As the CPP virus swipes through the United States, much attention has been paid to the situation in large cities. That’s not, however, where the rate of infection has been the highest.
The epidemic has been the most concentrated in three suburbs around New York City as well as in New Orleans.
While New York City has the highest number of confirmed cases, over 57,000, when counted per capita, the worst hit is Rockland County, a neighboring suburb of some 325,000 on the west side of the Hudson River.
More than one in 67 Rockland residents has tested positive, a rate over twice as high as in New York City.
Westchester County, a large suburb across the river from Rockland, has about one in 74 residents confirmed infected, a total of more than 13,000 cases as of April 3, according to the state’s Department of Health.
New Orleans, the largest city in Louisiana with a population of nearly 400,000, is the third most affected area in the nation, with more than 1 in 100 testing positive.
Nassau County, a large suburban area on Long Island just east of Queens, is in a similar situation with nearly one in 100 residents confirmed as infected.
In New York City and Westchester, it appears the pace of the epidemic has somewhat plateaued. Not so in Rockland, where the rate of infection still seems to be rapidly accelerating. Nassau, as well as the Suffolk and Orange counties, have experienced a quickening of the spread as well.
The CCP virus, also known as the novel coronavirus, broke out in Wuhan, China, around November and was allowed to spread around the world due to the coverup by the Chinese Communist Party (CCP).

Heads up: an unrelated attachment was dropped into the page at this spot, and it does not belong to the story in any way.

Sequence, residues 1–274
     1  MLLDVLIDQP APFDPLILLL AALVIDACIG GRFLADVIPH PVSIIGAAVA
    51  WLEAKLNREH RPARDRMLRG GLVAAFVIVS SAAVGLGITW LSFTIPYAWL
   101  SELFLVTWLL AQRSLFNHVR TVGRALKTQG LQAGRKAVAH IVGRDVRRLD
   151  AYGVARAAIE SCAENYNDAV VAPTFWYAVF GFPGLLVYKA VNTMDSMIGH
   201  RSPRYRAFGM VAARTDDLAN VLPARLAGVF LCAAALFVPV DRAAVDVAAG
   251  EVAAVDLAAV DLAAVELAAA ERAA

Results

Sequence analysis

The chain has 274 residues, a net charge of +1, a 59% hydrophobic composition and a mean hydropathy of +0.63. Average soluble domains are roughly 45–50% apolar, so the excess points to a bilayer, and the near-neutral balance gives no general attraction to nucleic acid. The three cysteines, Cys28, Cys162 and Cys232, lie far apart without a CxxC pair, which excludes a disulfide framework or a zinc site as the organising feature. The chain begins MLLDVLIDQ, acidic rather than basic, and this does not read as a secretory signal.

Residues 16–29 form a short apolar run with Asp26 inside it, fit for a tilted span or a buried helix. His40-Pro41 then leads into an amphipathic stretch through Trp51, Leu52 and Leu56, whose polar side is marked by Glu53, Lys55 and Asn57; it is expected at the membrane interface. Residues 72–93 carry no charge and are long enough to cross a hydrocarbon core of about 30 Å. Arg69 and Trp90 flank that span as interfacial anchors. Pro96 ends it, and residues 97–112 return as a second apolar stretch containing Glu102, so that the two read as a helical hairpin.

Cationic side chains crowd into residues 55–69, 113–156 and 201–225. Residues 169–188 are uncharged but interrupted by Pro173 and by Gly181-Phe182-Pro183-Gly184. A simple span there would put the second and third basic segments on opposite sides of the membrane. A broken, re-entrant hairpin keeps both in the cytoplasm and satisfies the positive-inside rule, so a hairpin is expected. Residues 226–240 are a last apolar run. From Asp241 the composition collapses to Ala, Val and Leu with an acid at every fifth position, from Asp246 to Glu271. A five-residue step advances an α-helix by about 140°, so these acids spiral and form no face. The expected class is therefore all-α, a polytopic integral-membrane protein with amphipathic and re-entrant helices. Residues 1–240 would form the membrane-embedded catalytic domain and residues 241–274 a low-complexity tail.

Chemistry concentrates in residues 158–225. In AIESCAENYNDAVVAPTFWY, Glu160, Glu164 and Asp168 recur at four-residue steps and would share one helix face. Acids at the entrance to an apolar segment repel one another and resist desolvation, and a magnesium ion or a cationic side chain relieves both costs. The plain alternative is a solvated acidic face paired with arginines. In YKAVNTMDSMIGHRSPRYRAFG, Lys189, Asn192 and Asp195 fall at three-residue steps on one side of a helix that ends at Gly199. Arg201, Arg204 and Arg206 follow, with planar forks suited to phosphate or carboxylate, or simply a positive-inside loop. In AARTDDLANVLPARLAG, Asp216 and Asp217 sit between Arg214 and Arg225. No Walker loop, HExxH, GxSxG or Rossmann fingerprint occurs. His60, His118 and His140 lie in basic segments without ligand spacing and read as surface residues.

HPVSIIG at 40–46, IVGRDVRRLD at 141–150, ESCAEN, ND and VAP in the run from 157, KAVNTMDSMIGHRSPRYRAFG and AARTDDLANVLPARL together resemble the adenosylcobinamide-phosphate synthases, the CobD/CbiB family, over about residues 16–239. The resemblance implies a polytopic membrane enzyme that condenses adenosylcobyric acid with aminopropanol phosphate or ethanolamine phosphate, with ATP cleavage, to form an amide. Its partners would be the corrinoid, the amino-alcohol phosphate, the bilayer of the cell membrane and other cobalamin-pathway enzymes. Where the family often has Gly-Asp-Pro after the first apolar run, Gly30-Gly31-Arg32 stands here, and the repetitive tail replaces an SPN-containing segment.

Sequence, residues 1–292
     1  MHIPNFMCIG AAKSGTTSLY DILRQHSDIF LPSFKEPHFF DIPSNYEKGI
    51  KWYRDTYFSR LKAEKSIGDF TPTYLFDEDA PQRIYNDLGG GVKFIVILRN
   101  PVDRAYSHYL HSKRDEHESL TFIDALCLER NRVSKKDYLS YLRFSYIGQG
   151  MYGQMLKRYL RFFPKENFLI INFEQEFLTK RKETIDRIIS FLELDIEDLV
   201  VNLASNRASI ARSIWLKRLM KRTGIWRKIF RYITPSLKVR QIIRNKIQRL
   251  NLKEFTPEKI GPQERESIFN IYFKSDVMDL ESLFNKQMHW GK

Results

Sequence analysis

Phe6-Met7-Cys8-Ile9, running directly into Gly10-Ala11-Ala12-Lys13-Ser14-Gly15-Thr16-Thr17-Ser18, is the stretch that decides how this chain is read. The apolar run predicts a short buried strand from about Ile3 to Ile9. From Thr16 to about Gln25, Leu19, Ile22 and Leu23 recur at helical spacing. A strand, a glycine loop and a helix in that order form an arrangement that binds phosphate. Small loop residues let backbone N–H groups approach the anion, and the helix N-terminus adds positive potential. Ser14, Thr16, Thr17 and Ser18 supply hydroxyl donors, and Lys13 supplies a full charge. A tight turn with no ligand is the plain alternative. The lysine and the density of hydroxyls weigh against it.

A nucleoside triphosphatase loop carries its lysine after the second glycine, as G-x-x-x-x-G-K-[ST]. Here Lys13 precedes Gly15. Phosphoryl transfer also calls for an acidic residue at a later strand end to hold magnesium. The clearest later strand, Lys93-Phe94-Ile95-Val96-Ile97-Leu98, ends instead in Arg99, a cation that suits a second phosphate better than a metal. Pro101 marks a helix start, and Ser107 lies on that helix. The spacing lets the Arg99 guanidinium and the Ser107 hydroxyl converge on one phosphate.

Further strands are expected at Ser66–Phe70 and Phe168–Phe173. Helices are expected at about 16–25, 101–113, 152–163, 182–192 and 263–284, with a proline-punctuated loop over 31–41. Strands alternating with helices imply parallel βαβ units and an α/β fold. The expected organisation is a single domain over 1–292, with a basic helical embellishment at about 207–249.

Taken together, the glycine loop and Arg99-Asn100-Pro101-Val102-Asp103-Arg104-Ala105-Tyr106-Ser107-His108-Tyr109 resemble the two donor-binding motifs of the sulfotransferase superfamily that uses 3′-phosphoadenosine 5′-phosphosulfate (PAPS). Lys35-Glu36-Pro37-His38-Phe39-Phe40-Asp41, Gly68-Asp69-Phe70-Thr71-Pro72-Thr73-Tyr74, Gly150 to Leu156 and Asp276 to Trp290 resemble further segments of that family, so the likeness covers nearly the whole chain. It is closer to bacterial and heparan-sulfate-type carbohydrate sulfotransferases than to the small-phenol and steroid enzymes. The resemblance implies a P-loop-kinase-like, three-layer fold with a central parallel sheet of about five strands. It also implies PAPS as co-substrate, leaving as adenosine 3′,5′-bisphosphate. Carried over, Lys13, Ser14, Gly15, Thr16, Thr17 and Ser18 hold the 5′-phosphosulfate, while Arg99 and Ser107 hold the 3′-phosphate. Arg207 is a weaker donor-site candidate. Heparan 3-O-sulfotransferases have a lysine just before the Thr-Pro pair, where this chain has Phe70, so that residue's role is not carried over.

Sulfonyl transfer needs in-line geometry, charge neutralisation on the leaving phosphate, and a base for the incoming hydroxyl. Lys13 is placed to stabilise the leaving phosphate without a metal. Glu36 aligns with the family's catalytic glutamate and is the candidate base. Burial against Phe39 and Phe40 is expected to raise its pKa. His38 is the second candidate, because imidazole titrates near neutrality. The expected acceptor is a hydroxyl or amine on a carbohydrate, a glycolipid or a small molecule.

More than a million people have been confirmed as infected and nearly 64,000 have died. In the United States, over 300,000 tested positive and over 8,000 died. New York state has more than 3,500 dead. Louisiana over 400.
A prognosis published by researchers under the University of Washington in Seattle expects the peak of the epidemic in 12 days, when the death rate could reach between about 1,200 and 4,100 in a single day.
By that model, roughly between 40,000 and 180,000 would die before July 1.
The White House coronavirus task force has issued guidelines for Americans to slow the spread of the disease, dubbed COVID-19. They recommend keeping distance of at least 6 feet from others when outside of home, washing hands frequently, avoid touching one’s face and eyes, and covering one’s face with a scarf or a mask in settings where maintaining distance is difficult. Depending on how disciplined Americans will be with the guidelines, fatalities may fall below the above projections, said Deborah Birx, the task force’s response coordinator, at its March 3 press briefing.
“If another major metropolitan area ends up having epidemic like the New York metro area, that could dramatically change not the model, but the reality of the impact of this virus on Americans.”
President Donald Trump said at the briefing he’d like to achieve a death toll far below the projected numbers.
“I want none, but it’s too late for that,” he said. “But I want very few people relative to what the models are saying.”
The epidemic has put health care workers and resources under great strain in the most heavily affected areas.
Meanwhile, states’ mitigation measures, such as orders to close all non-essential businesses, have choked the economy. Payrolls have dropped by more than 700,000 between the second week of February and March, even before many of the stricter measures were taken. Unemployment claims increased to a record high of more than 6.6 million for the week ending March 28.